I have only lived in Lebanon for a little more than two months and have spent the vast majority of that time in Beirut. Yet, when I saw Yara, whose eponymous protagonist has spent her whole life in the same isolated village in the mountains, I was struck by a feeling of familiarity. Abbas Fahdel, the writer and director, makes many explicit cultural and historical references in the film, but what touched me more deeply was something of a spiritual truth conveyed intuitively through its visual language, that gave voice to what I see (and this may be an outsider’s perspective, for like me the French-Iraqi Fahdel is a foreigner here) to be an emotional undercurrent in this country.
Yara tells the story of a pubescent girl, Yara, who lives alone with her grandmother and has very little contact with the outside world, beyond sporadic visits made to their house in the mountains by several individuals who keep an eye out for them. The narrative tracks her relationship with a boy, Elias, who passes the house by chance one day, and slowly a love story emerges. It is quickly brought to an end when Elias’ vague mentions of having to move abroad become a reality, and once again Yara is left alone.
Slow-paced films that tell stories through the eyes of almost-silent girls who are coming of age seem to be something of a phenomenon in contemporary cinema. In some of these films, such as the Chilean Dominga Sotomayor’s film De Jueves a Domingo (2012), which tells the story of a family camping holiday, the quietude is an invitation into the young female protagonist’s private worldview, while in other cases it is the result of an oppressive boredom, depicted at least in part with the aim to alert the viewer to the protagonist’s entrapment within the gendered roles of her society, such as in Tamar van den Dop’s 2014 film Supernova (Netherlands), which depicts a teenage girl who lives in the desert spending her summer holidays waiting for something to happen (what happens, near the very end of the film is, of course, a boy). Yara contains both of these aspects, showing Yara’s appreciation for the quiet beauty of her life, and at the same time the harsh reality of her reliance on the other sex for even the most basic necessities.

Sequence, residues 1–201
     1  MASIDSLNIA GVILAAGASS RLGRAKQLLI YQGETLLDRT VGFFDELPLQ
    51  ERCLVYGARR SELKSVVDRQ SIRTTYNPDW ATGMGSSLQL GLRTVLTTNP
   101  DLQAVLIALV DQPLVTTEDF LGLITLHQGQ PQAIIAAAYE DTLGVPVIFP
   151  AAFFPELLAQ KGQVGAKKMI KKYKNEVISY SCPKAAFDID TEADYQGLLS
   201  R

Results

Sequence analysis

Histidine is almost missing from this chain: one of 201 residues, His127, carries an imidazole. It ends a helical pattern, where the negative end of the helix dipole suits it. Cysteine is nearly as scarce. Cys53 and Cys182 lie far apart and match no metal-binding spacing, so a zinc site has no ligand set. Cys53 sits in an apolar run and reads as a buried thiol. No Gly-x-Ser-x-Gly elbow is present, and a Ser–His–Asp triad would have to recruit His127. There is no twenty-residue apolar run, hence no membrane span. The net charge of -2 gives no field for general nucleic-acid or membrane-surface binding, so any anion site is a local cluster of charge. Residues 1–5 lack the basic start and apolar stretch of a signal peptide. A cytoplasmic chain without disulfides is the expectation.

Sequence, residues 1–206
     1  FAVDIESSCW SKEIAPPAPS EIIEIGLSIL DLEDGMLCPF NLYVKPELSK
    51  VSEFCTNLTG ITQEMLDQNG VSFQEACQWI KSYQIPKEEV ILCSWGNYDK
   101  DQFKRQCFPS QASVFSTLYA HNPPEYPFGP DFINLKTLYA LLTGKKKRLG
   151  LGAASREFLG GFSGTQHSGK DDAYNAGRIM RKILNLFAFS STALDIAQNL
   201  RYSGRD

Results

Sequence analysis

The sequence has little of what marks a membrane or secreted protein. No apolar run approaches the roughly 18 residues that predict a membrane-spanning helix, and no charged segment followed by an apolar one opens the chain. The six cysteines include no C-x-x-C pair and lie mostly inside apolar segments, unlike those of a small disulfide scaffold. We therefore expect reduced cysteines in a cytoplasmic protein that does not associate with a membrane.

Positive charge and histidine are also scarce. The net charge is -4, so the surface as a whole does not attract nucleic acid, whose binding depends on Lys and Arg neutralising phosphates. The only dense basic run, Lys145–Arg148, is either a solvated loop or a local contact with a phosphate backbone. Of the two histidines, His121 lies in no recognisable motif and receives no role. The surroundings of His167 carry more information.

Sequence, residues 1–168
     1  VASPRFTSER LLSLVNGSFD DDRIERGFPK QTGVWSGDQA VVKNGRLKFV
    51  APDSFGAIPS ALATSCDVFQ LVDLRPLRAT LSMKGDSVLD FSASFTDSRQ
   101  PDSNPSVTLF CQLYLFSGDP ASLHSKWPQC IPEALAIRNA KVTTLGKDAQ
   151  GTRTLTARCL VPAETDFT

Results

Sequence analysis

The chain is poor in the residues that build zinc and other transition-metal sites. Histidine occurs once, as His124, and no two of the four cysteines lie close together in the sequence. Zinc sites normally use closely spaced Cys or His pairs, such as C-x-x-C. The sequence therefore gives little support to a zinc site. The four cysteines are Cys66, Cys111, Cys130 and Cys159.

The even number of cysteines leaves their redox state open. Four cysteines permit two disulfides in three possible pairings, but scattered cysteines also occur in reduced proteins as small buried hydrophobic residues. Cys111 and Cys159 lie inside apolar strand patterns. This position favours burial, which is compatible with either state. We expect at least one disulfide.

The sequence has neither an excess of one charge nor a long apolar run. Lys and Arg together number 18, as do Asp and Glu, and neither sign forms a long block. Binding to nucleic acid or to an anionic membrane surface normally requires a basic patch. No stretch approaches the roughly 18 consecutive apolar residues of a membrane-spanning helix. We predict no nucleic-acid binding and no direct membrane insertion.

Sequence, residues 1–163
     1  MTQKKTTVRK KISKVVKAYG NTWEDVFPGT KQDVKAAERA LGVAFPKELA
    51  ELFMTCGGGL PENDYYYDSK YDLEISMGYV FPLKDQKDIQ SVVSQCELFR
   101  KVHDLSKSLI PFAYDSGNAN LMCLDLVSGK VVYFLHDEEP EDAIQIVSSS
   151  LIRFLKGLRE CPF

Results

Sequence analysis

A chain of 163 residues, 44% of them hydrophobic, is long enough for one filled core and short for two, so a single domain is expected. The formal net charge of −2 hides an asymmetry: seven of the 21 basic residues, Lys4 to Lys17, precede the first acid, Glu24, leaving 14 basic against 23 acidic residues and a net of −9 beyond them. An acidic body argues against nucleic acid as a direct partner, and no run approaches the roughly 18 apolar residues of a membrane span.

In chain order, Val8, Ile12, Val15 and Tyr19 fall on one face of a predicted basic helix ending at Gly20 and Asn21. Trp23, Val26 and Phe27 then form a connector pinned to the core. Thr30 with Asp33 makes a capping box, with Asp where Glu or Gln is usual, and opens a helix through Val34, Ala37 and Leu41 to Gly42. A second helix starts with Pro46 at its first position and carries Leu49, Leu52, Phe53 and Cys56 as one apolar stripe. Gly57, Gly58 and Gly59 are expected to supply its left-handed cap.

The opening shot of the film shows Yara’s grandmother, Mary, slowly descending the steps in front of their house in order to call a variety of animals to come to her. The extensive length of the shot and Mary’s repetition of a thickly accented “ta3!” (“come!”) to her unresponsive animals, set both the almost-static pace and subtly comic, affectionate tone of the film, and establish the grandmother as the point of departure of Yara’s story by introducing us to her first. From this moment on, little by little, we are introduced to Yara’s perspective. She observes things such as animal life -- their pet dog, a line of ants wandering along the railing -- or the light that dances on the wall when she holds open a pocket mirror at a certain angle, and fills her time with tasks such as hanging out her laundry and washing vegetables. It is these small activities that demand most of the film’s screen time, so that the plot unfolds like daylight breaking on a wall -- unremarkable until you look back and remember how things looked an hour before.